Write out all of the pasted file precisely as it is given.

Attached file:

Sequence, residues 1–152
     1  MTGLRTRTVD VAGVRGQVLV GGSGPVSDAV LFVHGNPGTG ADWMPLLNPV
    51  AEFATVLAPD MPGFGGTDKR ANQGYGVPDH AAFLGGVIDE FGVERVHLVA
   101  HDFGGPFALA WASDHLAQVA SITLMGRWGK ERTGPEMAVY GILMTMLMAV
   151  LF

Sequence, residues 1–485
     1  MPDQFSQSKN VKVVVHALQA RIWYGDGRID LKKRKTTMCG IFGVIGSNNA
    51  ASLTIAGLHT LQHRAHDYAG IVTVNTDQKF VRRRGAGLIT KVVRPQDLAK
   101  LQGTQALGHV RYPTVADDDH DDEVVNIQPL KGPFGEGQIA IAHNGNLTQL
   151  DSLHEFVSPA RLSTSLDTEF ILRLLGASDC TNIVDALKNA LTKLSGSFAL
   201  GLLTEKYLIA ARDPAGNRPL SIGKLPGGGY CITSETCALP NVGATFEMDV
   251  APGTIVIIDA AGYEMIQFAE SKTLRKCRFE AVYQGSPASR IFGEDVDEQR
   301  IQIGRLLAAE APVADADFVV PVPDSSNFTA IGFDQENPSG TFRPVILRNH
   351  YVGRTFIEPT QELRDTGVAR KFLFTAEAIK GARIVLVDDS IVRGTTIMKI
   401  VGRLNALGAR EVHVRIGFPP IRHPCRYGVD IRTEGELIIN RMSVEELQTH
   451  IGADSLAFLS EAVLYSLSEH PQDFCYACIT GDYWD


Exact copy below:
Sequence, residues 1–152
     1  MTGLRTRTVD VAGVRGQVLV GGSGPVSDAV LFVHGNPGTG ADWMPLLNPV
    51  AEFATVLAPD MPGFGGTDKR ANQGYGVPDH AAFLGGVIDE FGVERVHLVA
   101  HDFGGPFALA WASDHLAQVA SITLMGRWGK ERTGPEMAVY GILMTMLMAV
   151  LF

Sequence, residues 1–485
     1  MPDQFSQSKN VKVVVHALQA RIWYGDGRID LKKRKTTMCG IFGVIGSNNA
    51  ASLTIAGLHT LQHRAHDYAG IVTVNTDQKF VRRRGAGLIT KVVRPQDLAK
   101  LQGTQALGHV RYPTVADDDH DDEVVNIQPL KGPFGEGQIA IAHNGNLTQL
   151  DSLHEFVSPA RLSTSLDTEF ILRLLGASDC TNIVDALKNA LTKLSGSFAL
   201  GLLTEKYLIA ARDPAGNRPL SIGKLPGGGY CITSETCALP NVGATFEMDV
   251  APGTIVIIDA AGYEMIQFAE SKTLRKCRFE AVYQGSPASR IFGEDVDEQR
   301  IQIGRLLAAE APVADADFVV PVPDSSNFTA IGFDQENPSG TFRPVILRNH
   351  YVGRTFIEPT QELRDTGVAR KFLFTAEAIK GARIVLVDDS IVRGTTIMKI
   401  VGRLNALGAR EVHVRIGFPP IRHPCRYGVD IRTEGELIIN RMSVEELQTH
   451  IGADSLAFLS EAVLYSLSEH PQDFCYACIT GDYWD